Travel Review: Jordan Part 1 – Basic Info, Aqaba and Wadi Rum

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In my never ending quest to be a travel blogger (a paid one), I am here to tell you about one of the places I recently went to: Jordan.

Jordan isn’t really high on many people’s travel list. It should be. It’s a beautiful country with nice people and is actually surprisingly easy to travel around in. Here is some basic information about my trip.

How we got In

My trip actually started in Israel. We got into Jordan by walking across the Southern border from Eilat to Aqaba. This is right on the coast of the Red Sea. It was very easy. You pay some fees to leave Israel, walk across to the other side, present your passport and Jordan Pass, and then smile. Ten minutes later, you are done.

It should be noted that different borders have different rules it seems, so it’s worthy to google the shit out of borders if you choose to cross from Israel.

What is the Jordan Pass?

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The Jordan Pass is an all you can eat buffet pass to the historical sites of Jordan. You can get it here and then carry the QR code on your phone or just print out a copy. Once you buy it, you can just show it at most, if not all of the major sites in Jordan and not bother lining up. The costs fall into 3 tiers and honestly, the only differences between each one is the amount of days you spend at Petra. We got the most expensive one because the price difference is basically a beer. The Jordan Pass also waives the visa fee for entry into Jordan. Considering it costs almost that much to enter Petra alone, the pass is no doubt something you need to buy if you want to tour Petra.

How we got around

Jordan is easy to navigate and does not appear to be too difficult to drive in outside of the major cities. I don’t drive, and I watch a lot of Fast and Furious so it always seems kinda fun, but the people who did drive didn’t seem too stressed out this trip and the roads were in good conditions for most part. We were also able to rent an automatic car in Aqaba and drop it off in Amman without trouble.

It should be noted that the lane markers on the road appear to be merely a concept in Jordan and you will frequently see three cars in what you previously thought was a two car lane. No one in Jordan wears a seat belt either. To navigate, you can just buy a sim card for a fairly cheap price and use google maps. The places were pretty clearly marked, and some of the highways are rather spectacular as Jordan goes from mountains to valleys very quickly.

Okay, now to where we went.

Aqaba – Red Sea

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Aqaba is the town on the Red Sea in Jordan. It’s where you go if you want to get your water sports on and it’s the only real reason why you would stay there. We wanted to be on a boat and also do some snorkeling and so we walked around all the dive shops and settled on Dive Aqaba. It surprisingly had a Canadian there and after some confusion, we were able to book our boat and a guided snorkeling tour for 35 JOD a person. There were cheaper options but we are precious and wanted a private experience.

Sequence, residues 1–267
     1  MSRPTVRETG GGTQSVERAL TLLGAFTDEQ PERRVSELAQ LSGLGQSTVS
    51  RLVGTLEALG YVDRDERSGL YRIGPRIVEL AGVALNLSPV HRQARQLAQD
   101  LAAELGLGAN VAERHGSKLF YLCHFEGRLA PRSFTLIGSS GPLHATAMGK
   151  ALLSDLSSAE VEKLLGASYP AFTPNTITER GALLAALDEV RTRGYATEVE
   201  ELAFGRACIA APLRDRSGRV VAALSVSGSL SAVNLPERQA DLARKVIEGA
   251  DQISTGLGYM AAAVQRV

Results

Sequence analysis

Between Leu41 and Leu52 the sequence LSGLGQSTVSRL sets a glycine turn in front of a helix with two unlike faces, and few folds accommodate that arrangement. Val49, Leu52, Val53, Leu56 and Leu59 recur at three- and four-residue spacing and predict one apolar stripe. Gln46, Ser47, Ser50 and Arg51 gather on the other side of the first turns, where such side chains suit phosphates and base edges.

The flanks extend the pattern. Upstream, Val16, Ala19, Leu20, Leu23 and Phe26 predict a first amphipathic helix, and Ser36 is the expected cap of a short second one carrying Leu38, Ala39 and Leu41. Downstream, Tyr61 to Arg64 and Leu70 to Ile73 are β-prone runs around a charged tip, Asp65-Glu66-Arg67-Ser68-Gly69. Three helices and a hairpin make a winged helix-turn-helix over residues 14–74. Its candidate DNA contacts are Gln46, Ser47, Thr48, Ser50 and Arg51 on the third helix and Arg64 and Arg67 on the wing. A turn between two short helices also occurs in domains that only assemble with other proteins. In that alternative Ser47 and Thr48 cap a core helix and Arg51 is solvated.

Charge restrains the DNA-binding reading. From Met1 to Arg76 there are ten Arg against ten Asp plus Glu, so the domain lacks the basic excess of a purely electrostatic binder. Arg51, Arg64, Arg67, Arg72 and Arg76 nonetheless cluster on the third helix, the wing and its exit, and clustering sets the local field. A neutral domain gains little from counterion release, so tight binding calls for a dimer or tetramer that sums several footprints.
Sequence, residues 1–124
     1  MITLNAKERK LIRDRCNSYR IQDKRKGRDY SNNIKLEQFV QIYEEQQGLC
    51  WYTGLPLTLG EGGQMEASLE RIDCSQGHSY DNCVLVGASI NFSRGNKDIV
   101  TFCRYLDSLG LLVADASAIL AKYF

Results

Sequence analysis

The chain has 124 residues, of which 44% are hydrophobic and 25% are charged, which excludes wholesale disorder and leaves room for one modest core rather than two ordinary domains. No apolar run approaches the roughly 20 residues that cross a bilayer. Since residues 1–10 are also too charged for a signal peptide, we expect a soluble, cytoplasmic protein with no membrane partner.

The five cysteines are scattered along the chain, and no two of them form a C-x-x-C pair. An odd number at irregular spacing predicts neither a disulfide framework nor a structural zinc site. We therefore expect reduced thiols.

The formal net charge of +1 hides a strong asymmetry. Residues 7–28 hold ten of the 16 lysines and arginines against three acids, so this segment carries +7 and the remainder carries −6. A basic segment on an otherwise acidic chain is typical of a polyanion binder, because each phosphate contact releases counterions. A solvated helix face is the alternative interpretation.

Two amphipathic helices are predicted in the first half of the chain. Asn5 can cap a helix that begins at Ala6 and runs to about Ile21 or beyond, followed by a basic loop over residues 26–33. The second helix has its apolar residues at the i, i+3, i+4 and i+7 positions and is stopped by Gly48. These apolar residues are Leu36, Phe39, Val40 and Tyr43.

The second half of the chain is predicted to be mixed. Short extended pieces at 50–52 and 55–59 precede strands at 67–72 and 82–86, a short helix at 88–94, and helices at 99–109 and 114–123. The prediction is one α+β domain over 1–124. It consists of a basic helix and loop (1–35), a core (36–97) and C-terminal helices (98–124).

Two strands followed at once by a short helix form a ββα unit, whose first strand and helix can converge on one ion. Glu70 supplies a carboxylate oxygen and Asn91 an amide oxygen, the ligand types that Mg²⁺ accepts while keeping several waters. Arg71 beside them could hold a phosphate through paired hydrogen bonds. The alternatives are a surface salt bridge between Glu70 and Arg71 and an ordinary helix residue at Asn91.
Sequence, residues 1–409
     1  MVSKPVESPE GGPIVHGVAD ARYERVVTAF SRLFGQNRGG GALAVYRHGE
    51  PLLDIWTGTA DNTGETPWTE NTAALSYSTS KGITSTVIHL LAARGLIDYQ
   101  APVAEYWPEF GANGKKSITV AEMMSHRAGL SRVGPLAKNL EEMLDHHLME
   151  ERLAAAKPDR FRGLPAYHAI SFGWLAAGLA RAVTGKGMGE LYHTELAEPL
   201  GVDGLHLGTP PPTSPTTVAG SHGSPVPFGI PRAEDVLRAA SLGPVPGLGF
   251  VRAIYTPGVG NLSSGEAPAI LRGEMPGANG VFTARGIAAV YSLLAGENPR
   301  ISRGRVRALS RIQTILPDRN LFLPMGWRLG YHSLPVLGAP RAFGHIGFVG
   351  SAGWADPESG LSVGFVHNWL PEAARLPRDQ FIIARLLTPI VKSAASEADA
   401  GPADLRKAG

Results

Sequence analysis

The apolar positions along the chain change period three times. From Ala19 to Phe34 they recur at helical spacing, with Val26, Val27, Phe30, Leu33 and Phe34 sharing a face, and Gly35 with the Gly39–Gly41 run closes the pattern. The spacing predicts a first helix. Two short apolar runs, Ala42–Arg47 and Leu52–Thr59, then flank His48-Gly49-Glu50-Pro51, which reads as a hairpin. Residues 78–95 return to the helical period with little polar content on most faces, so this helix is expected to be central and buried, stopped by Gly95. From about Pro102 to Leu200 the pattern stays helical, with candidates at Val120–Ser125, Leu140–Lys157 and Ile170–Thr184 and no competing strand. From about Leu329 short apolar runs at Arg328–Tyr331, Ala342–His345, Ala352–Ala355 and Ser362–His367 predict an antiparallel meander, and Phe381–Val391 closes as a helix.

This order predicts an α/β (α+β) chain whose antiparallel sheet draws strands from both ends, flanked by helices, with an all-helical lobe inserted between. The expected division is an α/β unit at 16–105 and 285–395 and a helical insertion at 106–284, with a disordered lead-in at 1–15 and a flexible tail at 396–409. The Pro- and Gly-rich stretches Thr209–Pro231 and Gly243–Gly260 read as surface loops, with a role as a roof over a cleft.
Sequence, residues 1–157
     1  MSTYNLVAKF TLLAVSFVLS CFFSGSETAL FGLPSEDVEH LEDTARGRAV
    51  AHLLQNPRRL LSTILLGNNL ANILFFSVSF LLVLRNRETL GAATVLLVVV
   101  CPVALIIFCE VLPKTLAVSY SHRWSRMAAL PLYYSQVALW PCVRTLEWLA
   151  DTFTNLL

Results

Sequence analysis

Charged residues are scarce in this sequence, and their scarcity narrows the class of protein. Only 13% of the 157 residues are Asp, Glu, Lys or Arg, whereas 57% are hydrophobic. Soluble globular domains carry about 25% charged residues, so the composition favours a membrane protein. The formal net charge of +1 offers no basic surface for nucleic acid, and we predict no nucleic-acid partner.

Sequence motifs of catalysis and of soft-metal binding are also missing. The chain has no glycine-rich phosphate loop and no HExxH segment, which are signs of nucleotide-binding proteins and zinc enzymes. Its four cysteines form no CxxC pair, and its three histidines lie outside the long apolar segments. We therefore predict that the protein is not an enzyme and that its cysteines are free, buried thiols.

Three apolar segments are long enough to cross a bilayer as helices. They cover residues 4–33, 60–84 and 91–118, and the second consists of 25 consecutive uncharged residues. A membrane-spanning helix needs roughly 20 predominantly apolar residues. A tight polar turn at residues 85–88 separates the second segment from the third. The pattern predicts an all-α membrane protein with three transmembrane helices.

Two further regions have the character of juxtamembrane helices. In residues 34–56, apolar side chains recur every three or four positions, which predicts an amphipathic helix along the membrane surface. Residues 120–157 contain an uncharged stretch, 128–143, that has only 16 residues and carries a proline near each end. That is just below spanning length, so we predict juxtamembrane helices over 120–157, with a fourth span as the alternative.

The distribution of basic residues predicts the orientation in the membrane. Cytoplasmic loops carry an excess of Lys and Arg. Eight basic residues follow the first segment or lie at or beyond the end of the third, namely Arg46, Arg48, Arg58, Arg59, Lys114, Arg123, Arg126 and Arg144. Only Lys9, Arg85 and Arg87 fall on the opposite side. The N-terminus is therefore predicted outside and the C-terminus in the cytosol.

The waters during the day had great visibility and there are a lot of things to explore in the water. There was a lot of fish around the coral reefs in the Red Sea which made for a great experience. We also saw sea turtles and were looking for eels but couldn’t find any. Another interesting aspect of the trip was that we were also able to see wreckages that were just off the coast, including a sunken ship.

A good day all around. Next off, was Wadi Rum

Wadi Rum

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Wadi Rum is fucking magnificent. It’s a place with immense beauty and not a place I will soon forget. If you ever want to feel small, Wadi Rum is a great place for this. A giant valley cut into sandstone and granite (says wikipedia), it is a place you’ve seen before. It’s featured heavily in movies like Lawrence of Arabia, the Martians and one of the Transformers. However, you really really have to be there to understand the scope and size of it. This place is enormous.

We spent roughly two days there. Wadi Rum is home to the Bedouin and as such, the only real way to do Wadi Rum is to stay at a Bedouin camp. We stayed with Rumstars and it was great. Their camp was deep inside the heart of Wadi Rum. Food and beverage (in the form of water and tea) are provided and the people who run are very nice. The accommodations are quite basic, but it is completely reasonable.

During the day, you will get driven on a 4×4 to many places that are visually stunning within the area. You will see great vistas, walk through canyons, climb to great elevations and basically want to instagram everything. It’s spectacular.

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Next up – Petra, Feynan Eco Lodge, Dead Sea and Amman

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Posted on by Ricky in Everything

About Ricky

Britpop lovin Chinaman, consumer of all things irrelevant. Toronto Raptors fan.

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